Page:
Other local farmers markets include the Westlake Village Farmers Market, Sundays, 10 a.m.-2p.m., 2797 Agoura Rd, Westlake Village, California 91361. (facebook.com/WestlakeVillageFM/), and the Calabasas Farmers Market, Saturdays, 8 a.m.-1 p.m., 23504 Calabasas Rd. (facebook.com/CalabasasFM/)

The three Santa Monica farmers markets have been temporarily consolidated into one weekend market on Saturdays, 8 a.m. – 1 p.m. The Wednesday Downtown market will continue to operate with no planned schedule changes, 8 a.m.-1 p.m. Both markets continue offering CalFresh/EBT. Patrons are asked to enter the market on 2nd Street, or from Arizona Avenue at Third. (smgov.net/portals/farmersmarket)

Social distancing measures at all farmers markets include wide spacing, hand-washing stations, and traffic cones and tape to guide patrons where to stand. Customers indicate what they wish to purchase, and vendors package it for them. The only point of direct contact is during payment. Masks are required, and all participants—vendors and customers—are requested to observe the six-foot-social distancing requirement at all times.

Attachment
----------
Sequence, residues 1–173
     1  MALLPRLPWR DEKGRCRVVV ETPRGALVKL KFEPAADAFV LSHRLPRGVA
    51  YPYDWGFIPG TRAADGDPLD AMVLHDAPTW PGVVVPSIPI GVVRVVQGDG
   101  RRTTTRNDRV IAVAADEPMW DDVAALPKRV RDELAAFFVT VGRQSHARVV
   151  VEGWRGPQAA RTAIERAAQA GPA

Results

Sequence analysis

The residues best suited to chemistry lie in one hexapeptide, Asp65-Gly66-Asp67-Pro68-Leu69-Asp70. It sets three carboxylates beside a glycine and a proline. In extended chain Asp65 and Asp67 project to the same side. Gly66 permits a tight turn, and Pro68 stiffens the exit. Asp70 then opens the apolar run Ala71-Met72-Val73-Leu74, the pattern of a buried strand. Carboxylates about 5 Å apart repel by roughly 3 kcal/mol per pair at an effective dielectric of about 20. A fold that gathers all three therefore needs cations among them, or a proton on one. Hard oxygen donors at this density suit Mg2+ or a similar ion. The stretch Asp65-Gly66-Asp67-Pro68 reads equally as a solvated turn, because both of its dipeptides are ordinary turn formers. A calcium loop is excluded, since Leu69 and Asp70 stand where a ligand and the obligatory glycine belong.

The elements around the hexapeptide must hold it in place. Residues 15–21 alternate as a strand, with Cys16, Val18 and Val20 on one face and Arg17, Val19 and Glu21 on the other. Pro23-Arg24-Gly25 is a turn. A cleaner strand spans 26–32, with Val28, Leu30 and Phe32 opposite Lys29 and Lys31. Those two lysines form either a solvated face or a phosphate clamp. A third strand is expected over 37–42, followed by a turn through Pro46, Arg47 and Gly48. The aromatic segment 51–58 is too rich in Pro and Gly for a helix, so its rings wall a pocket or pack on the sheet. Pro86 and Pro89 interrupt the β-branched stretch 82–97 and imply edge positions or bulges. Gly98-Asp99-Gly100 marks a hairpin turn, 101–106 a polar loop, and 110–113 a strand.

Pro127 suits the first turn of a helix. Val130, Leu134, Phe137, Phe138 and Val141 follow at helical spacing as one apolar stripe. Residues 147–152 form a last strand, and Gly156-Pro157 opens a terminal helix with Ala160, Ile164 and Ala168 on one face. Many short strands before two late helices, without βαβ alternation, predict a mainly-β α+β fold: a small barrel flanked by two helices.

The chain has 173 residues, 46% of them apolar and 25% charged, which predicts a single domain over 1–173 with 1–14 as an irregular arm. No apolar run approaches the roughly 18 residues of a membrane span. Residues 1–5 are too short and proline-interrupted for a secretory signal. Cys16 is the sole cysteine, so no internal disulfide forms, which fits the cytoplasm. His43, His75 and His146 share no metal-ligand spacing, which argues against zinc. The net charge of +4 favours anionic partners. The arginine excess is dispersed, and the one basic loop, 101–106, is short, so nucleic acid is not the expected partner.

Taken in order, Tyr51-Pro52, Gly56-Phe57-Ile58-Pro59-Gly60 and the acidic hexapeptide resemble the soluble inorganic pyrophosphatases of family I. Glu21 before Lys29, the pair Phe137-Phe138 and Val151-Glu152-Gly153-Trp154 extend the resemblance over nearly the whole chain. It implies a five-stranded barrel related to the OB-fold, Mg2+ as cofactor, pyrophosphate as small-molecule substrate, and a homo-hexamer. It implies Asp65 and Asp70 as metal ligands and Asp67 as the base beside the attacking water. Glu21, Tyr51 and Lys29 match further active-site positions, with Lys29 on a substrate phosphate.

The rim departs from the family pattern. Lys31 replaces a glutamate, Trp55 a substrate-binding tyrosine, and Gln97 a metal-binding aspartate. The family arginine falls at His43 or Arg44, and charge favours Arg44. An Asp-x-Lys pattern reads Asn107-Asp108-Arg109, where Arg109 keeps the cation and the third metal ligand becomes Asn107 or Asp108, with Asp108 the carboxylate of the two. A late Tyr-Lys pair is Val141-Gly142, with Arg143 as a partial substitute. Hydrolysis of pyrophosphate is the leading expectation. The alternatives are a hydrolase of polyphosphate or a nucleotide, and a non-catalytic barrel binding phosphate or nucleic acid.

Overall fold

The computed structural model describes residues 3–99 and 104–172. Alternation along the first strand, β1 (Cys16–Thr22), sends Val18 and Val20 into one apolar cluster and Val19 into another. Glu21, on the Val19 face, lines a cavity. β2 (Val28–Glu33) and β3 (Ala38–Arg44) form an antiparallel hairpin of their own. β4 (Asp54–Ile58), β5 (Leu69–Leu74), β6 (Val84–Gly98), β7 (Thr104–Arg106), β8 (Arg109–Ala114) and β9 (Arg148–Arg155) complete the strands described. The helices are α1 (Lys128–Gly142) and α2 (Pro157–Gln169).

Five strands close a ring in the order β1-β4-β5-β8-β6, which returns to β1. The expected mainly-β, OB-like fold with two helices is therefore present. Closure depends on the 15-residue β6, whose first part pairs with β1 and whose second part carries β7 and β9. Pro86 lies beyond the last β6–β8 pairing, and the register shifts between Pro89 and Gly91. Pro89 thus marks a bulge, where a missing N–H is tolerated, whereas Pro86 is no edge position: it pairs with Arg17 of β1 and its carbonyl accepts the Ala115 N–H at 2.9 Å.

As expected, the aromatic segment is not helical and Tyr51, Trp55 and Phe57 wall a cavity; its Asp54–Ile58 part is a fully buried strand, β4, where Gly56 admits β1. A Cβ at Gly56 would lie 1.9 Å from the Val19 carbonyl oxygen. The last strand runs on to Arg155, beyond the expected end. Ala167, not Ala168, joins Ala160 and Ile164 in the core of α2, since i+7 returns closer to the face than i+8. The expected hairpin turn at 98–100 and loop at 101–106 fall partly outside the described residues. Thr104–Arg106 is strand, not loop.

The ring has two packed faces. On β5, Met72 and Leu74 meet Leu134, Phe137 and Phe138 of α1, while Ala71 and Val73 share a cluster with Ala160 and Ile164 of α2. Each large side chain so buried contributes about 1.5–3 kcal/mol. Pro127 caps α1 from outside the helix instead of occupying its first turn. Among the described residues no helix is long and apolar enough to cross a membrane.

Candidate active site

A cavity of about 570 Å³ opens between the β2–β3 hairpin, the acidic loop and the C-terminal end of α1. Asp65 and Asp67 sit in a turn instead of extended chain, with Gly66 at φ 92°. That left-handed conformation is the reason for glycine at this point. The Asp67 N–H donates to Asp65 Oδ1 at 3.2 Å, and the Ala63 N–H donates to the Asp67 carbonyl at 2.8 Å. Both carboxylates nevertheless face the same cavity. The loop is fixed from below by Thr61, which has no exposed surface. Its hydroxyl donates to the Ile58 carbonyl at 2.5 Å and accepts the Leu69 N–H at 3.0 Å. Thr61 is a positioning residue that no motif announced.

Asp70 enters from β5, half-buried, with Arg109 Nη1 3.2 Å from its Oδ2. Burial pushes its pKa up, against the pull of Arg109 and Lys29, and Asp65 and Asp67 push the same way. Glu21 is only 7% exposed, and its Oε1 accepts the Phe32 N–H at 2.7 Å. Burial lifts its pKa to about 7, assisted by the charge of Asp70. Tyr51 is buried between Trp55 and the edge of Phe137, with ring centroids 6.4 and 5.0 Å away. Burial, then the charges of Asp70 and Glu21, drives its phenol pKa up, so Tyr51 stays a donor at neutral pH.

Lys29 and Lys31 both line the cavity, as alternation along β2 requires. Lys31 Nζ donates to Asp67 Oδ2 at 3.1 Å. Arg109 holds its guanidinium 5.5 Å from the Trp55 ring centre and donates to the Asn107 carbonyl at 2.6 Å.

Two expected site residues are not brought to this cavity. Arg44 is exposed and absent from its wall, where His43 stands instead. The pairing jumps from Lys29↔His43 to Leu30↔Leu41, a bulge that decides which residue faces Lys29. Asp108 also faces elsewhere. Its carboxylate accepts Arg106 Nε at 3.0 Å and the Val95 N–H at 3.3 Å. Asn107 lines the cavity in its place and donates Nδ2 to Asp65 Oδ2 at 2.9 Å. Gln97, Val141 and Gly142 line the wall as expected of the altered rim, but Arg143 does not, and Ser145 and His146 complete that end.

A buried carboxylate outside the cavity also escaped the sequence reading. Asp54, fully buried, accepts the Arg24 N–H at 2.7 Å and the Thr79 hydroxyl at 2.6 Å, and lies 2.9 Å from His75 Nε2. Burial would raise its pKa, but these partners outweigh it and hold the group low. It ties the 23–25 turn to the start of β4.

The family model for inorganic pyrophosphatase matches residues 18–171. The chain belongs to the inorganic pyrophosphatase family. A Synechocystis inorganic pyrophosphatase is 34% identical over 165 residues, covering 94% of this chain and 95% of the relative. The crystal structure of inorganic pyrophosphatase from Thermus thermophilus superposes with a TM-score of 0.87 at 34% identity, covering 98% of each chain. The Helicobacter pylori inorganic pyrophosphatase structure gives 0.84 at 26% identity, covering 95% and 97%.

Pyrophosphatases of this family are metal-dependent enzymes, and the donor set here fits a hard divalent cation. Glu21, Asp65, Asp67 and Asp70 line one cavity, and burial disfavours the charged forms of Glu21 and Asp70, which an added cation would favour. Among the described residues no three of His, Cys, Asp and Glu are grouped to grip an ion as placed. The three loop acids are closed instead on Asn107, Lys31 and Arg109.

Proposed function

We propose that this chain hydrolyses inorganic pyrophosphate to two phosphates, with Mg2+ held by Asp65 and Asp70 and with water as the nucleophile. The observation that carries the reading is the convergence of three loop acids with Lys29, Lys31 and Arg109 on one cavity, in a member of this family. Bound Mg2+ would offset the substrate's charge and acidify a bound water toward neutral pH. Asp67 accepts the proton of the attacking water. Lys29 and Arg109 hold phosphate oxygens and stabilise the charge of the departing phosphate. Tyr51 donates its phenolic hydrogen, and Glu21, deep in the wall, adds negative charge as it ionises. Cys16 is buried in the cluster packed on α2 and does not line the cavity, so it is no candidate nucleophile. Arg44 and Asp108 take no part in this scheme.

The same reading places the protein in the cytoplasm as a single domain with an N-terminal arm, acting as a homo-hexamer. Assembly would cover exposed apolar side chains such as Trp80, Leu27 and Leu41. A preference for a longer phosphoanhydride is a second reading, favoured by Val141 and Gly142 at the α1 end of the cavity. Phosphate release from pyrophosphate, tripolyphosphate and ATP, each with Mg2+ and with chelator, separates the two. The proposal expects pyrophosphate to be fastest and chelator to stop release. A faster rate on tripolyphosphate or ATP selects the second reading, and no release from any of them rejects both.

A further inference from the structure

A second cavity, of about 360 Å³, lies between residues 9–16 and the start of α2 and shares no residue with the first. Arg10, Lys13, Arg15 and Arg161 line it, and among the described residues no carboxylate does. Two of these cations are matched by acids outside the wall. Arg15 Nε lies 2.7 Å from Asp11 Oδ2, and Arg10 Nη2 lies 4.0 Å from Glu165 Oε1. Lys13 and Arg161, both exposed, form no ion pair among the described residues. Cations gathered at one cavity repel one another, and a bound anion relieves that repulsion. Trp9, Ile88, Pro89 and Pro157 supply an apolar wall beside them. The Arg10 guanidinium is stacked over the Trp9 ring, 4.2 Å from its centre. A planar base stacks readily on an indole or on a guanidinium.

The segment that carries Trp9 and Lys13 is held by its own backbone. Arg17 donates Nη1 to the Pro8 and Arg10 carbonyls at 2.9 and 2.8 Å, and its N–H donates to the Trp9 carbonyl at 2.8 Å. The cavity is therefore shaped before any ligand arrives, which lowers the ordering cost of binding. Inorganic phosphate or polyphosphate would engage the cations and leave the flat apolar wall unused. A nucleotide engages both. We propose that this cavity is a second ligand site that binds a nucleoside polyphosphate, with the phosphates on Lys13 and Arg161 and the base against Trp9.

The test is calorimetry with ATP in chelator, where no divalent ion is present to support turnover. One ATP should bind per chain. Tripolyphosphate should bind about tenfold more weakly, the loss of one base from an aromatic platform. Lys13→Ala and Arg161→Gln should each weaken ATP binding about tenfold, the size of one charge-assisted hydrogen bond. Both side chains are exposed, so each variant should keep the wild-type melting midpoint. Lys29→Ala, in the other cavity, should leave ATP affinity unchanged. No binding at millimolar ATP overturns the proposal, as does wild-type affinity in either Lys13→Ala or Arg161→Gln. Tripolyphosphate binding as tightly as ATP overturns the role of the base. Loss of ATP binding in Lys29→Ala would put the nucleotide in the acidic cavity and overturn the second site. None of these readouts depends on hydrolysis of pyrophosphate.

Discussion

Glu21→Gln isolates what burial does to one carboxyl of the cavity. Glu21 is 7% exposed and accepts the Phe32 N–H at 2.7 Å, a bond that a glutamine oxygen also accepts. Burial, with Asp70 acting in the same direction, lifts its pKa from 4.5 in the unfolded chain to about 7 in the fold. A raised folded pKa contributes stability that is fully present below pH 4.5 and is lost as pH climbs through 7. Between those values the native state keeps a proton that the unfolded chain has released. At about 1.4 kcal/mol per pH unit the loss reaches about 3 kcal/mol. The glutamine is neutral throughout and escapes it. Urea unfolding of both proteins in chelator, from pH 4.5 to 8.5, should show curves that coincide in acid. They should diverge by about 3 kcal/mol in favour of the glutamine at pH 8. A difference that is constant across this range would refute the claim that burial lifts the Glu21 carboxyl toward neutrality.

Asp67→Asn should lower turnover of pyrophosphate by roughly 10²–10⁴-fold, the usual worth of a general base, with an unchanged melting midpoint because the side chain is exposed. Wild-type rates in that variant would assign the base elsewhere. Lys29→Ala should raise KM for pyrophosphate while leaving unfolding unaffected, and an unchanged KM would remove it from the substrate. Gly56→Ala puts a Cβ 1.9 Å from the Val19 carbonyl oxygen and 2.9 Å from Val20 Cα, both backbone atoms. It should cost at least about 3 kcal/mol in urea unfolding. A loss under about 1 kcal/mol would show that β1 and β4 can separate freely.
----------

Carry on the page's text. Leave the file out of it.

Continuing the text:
Topanga residents have a local supply for local fresh produce and bread at Topanga Gourmet. Owner Peter Kagan visits the Santa Monica Farmers Market twice weekly, selecting a carefully curated variety of produce, and he also has a network of small local farms that sell directly to him. 

Kagan recently announced that Gjusta Bakery would be providing fresh-baked artisan bread at the store seven days a week. Topanga Gourmet is located at 120 S Topanga Canyon Blvd., Topanga, 90290, (310) 455-4200, (canyongourmet.com)

If one doesn’t mind a drive, there is a farm stand option that combines the selection of a farmers market without the crowds. Underwood Family Farms in Moorpark and Somis offers fully stocked farm stands with a wide range of grown-on-location and locally sourced produce, including eggs and honey.